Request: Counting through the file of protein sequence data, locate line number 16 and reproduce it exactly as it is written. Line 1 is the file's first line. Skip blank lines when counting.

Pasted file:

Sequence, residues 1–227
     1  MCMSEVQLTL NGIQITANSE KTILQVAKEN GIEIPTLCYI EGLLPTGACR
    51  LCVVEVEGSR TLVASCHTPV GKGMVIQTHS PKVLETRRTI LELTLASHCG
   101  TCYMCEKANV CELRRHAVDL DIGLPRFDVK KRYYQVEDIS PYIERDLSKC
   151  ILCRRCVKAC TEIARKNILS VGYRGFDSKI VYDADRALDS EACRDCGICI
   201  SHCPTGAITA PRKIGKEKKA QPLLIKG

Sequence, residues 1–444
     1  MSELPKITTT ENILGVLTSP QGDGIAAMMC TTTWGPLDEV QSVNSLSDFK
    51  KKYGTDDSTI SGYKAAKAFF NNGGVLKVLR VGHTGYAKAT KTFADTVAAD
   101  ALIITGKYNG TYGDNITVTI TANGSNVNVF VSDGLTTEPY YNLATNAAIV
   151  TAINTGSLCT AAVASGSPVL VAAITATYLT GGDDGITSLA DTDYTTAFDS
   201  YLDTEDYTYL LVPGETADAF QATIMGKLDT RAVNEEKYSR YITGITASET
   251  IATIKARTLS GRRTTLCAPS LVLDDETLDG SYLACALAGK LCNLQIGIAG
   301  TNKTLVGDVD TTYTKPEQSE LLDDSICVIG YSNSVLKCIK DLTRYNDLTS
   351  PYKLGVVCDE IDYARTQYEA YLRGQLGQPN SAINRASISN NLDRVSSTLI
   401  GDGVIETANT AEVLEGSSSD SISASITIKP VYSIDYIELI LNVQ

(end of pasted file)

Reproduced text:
   401  GDGVIETANT AEVLEGSSSD SISASITIKP VYSIDYIELI LNVQ